Philadelphia Plaza Pushes Tolerance
- Aug 31, 2017
A planned $7 million renovation of a triangle of land at the intersection of Ben Franklin Parkway and North 16th Street in Philadelphia will enhance an existing Holocaust memorial and offer an expanded space that celebrates tolerance.
The project, which has been in the works for more than 10 years, is an effort of the Philadelphia Holocaust Remembrance Foundation (PHRF), a non-profit whose mission is to educate people about the atrocities of the past, while working toward a future of tolerance and enlightenment. The expanded plaza will encompass the existing Six Million Jewish Martyrs statue, which has been located on the site since 1964.
Campus Apartments CEO David Adelman, a Philadelphia native, is leading the $7 million fundraising effort for the project as the current chairman of the PHRF’s board of directors. For Adelman, as well as many other board members, memorializing the atrocities that occurred during World War II in German concentration camps is a personal cause.
“My maternal grandfather, Sam Wasserman, was a prisoner in the Sobibór extermination camp,” Adelman explained. “He escaped and fought in the Resistance in West Germany, where he was wounded.”
Among the most horrific of the Nazi death camps, only around 600 Jews taken to Sobibór were subjected to forced labor. More than 200,000 people, including Wasserman’s first wife and children, were killed on arrival after being forced from their homes. Some estimates put the Sobibór death toll as high as 350,000–exact numbers are lost to history.
“My involvement with this is to really honor my grandfather and make sure my kids and someday their kids understand what people before us sacrificed and went through,” Adelman said in a recent interview. His grandfather, who met his second wife while hospitalized for his war injuries, immigrated to the United States after the war ended and became a carpenter.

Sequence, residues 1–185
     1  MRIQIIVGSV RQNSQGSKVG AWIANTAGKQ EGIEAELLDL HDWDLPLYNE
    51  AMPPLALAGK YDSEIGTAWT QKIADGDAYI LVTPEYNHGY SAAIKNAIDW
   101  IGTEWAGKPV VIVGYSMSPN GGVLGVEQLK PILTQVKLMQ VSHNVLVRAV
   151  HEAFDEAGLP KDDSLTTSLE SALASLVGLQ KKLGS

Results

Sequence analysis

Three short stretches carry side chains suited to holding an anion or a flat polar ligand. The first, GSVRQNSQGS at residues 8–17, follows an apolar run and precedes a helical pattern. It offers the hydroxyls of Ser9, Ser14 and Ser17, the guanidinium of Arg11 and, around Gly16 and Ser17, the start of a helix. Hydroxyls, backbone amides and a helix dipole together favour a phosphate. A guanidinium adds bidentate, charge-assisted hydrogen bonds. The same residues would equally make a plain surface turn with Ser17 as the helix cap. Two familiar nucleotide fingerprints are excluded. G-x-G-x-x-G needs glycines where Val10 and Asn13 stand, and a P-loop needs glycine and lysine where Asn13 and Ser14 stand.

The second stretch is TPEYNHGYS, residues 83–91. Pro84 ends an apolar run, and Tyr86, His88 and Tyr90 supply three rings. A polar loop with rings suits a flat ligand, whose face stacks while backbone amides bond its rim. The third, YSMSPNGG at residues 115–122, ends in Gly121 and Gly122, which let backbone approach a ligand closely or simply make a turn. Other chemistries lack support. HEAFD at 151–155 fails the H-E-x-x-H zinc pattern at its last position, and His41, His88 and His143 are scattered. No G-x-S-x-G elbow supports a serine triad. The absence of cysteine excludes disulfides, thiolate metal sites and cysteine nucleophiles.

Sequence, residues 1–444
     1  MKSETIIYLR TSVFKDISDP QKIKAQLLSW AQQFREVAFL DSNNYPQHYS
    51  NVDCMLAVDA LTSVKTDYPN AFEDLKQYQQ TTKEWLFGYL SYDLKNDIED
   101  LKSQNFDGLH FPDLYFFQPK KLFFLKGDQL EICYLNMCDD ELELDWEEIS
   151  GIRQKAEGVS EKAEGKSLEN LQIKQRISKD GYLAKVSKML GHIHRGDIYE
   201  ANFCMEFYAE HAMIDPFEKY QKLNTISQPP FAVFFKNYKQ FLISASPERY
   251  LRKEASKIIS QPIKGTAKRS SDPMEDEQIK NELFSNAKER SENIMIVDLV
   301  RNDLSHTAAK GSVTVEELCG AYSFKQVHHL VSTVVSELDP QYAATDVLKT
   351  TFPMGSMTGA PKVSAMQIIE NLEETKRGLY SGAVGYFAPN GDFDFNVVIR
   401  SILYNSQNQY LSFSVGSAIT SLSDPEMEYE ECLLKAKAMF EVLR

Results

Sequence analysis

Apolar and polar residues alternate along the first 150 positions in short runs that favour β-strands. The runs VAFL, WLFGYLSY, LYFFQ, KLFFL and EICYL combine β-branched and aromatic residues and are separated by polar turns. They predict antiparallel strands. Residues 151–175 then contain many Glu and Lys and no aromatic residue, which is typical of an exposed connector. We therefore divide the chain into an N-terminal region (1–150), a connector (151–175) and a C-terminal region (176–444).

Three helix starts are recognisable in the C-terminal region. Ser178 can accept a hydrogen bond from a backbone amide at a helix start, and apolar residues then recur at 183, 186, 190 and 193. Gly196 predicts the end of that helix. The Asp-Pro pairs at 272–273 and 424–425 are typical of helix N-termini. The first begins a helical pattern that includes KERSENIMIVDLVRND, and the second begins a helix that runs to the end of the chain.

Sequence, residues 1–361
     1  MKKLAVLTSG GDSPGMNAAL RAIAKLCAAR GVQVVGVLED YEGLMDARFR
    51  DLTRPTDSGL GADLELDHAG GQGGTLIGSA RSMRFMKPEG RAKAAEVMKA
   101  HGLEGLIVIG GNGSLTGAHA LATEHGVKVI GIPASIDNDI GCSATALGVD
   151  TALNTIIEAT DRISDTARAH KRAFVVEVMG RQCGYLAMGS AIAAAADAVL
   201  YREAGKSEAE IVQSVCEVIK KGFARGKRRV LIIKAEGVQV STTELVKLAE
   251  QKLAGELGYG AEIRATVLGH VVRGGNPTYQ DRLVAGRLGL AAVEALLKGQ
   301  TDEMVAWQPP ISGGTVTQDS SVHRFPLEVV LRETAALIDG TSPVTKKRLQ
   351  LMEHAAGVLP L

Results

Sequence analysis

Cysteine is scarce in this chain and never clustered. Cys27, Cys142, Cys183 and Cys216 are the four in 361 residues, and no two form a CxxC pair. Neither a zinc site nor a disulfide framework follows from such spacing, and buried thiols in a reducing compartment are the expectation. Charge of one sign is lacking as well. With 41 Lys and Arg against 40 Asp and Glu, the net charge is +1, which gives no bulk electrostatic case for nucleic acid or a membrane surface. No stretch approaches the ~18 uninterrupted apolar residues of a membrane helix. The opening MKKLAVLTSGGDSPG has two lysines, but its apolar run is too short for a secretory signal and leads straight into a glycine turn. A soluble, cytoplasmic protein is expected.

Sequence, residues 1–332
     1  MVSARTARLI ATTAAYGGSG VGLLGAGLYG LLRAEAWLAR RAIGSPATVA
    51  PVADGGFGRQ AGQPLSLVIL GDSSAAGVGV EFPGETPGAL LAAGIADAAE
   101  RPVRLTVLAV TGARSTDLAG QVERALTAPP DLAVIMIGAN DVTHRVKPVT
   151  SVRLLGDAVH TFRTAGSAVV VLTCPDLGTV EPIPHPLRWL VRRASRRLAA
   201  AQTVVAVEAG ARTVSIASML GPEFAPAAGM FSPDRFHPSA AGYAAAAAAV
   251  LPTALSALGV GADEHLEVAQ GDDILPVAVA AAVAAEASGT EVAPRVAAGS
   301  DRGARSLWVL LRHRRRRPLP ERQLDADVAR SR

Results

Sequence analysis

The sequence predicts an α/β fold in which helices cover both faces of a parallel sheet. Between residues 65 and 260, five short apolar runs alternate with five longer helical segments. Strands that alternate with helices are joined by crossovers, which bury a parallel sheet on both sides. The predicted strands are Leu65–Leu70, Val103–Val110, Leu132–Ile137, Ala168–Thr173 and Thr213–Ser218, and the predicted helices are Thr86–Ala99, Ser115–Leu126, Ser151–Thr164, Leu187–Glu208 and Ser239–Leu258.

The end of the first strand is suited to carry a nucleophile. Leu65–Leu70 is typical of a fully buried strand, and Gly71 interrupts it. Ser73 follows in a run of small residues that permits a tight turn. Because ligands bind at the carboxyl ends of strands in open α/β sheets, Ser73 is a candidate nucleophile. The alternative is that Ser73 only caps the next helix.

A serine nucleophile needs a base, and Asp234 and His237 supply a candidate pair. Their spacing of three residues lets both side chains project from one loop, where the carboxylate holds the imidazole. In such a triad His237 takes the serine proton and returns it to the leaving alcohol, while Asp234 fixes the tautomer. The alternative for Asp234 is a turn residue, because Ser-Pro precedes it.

But while many of the PHRF board members lost family members to the Holocaust, Adelman fundamentally sees the plaza project as neither faith or race based.
“For us this is really a non-denominational project. I don’t view it as a Jewish project. I view it as a tolerance, remembrance and contemplation project. We are hoping it really transcends religion, race and gender,” he said.
Drawing inspiration directly from the experience of those imprisoned, WRT Design of Philadelphia has created a space that they hope will encourage pedestrians to sit, remember and think.
The quarter-acre plaza will include six granite pillars—signifying the estimated 6 million lives lost—each engraved with an aspect of the Holocaust. The pillars juxtapose elements of the value sets that defined World War II with American themes, such as “Human Equality” vs. “The Master Race” and “Freedom of Religion” vs. “Religious Persecution.”
Train tracks embedded into the pavement will commemorate the journeys that many of those who lost their lives took to reach the camps. A sycamore tree descended from the original Terezin children’s “Tree of Life,” which was cared for by hundreds of children who were eventually killed, will grow in the plaza. There will be an eternal flame and a wall of remembrance.
The Six Million Jewish Martyrs statue was one of the first public Holocaust memorials in the United States when it was built in Philadelphia in 1964. With millions of tourists visiting Philadelphia each year to see its museums and historic sites, Adelman hopes that the city’s legacy of education and remembrance will influence many. A technology component of the project will share the significance of each aspect of the plaza via smartphone app.
“It will be an interactive experience, to understand the history of the Holocaust. The app will include testimonials and stories from survivors so we can best educate people, in multiple languages,” Adelman said. A donation to support the technology component is among the donor opportunities still available.
Construction will not begin until fundraising is complete, Adelman said, but the hope is to break ground by early 2018. To date, about half of the $7 million cost has been raised. For more information, visit thephrf.org.